This project was a fairly open brief, in which we were asked to design a piece of furniture or object for a bird, cat or dog and make it sustainable. We also had to revalue the piece in some way. I chose to focus on dogs because I felt I had most experience with them in comparison to cats or birds.
This was when I went to see Basil, a large majestic Hungarian Viszula, and I focused on his bad habits of chewing and digging. I observed what he liked to chew on, when he was most likely to do it, and loads of other useful information from interacting with him in person. Through some innovative drawing and development, I led on to designing the chewable dog bed.
The bed is made mostly of bendy plywood, this allows the flexibility that would otherwise come from plastic, but makes the bed sustainable. Its tied together manually with hemp twine, making it replaceable, and flat packed. Having it replaceable was vital, because of the chewing nature the entire bed encourages. The actual rollers were made of different types of material. This is based on the what materials your dog chews on. Rubber, wicker, faux fur, rope, or other potential materials that could be suggested from user feedback and developed into the design.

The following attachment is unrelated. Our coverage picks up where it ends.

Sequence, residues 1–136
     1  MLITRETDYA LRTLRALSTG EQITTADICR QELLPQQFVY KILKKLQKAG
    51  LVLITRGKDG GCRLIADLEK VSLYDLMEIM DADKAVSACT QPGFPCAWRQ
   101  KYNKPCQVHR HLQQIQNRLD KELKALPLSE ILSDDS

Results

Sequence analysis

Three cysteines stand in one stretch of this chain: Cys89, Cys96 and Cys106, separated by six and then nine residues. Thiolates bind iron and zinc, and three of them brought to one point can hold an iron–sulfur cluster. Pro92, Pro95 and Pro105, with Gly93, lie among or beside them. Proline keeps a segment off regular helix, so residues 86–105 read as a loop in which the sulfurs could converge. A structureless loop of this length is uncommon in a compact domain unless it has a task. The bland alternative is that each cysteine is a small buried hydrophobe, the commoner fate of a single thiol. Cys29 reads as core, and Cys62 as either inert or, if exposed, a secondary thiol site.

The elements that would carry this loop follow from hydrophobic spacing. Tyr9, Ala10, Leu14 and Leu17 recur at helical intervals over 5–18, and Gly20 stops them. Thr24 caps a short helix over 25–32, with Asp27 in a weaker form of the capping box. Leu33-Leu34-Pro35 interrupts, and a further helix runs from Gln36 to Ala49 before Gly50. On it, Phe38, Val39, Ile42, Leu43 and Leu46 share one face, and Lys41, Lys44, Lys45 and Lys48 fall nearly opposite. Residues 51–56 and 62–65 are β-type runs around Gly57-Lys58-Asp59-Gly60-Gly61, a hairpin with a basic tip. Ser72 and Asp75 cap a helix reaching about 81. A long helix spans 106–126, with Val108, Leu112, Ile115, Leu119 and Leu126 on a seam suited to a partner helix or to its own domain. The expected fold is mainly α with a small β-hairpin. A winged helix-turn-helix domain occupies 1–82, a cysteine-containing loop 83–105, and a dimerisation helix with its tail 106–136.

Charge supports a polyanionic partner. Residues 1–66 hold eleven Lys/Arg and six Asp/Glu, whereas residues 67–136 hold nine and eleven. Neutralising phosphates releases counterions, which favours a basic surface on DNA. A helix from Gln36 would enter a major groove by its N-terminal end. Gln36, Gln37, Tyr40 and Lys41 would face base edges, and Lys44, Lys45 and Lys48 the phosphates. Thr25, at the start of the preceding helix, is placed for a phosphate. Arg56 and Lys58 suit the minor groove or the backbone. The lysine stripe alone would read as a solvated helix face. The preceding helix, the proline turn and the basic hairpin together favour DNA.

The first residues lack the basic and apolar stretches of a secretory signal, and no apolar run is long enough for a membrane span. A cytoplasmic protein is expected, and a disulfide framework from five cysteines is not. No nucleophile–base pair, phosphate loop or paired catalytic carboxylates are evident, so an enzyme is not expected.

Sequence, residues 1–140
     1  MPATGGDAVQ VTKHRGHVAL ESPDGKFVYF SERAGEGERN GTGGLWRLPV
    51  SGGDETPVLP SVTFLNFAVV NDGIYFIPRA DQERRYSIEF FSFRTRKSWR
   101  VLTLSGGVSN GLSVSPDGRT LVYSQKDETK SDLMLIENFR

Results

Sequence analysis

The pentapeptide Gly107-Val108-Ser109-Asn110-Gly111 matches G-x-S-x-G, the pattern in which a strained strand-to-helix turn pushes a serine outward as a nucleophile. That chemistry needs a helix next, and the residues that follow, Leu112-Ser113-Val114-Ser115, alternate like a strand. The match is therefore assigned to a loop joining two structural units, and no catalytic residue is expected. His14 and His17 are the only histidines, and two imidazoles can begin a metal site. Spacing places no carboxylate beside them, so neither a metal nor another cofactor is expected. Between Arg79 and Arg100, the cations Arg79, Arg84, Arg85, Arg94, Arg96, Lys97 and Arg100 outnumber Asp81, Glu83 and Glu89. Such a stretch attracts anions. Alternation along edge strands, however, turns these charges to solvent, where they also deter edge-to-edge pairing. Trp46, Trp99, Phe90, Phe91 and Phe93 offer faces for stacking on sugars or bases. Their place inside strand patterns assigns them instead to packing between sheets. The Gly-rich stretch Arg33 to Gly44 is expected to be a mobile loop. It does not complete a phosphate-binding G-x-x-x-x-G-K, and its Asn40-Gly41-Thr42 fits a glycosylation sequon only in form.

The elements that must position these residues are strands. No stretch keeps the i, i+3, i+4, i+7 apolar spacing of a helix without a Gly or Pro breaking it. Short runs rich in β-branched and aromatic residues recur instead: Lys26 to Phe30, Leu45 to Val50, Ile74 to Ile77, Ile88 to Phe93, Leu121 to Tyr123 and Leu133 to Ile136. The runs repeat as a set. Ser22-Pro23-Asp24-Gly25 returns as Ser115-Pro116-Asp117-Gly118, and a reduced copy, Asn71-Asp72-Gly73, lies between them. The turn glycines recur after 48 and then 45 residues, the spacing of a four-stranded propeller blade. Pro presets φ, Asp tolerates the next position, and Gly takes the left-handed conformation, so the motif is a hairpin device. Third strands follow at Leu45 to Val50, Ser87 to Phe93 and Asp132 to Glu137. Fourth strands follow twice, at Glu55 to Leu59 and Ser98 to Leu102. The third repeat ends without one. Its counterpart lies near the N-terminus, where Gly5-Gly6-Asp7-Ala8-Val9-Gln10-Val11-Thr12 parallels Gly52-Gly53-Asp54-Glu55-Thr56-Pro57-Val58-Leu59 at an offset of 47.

There was a lot of development into this design concerning the keyhole mechanism that attaches the rolled to the bed, as it had to be extremely strong yet removable and not dangerous. The chewy aspect of the bed is to encourage the dog not to chew on other more valuable objects belonging to the owner, this then revaluing the relationship between the dog and owner.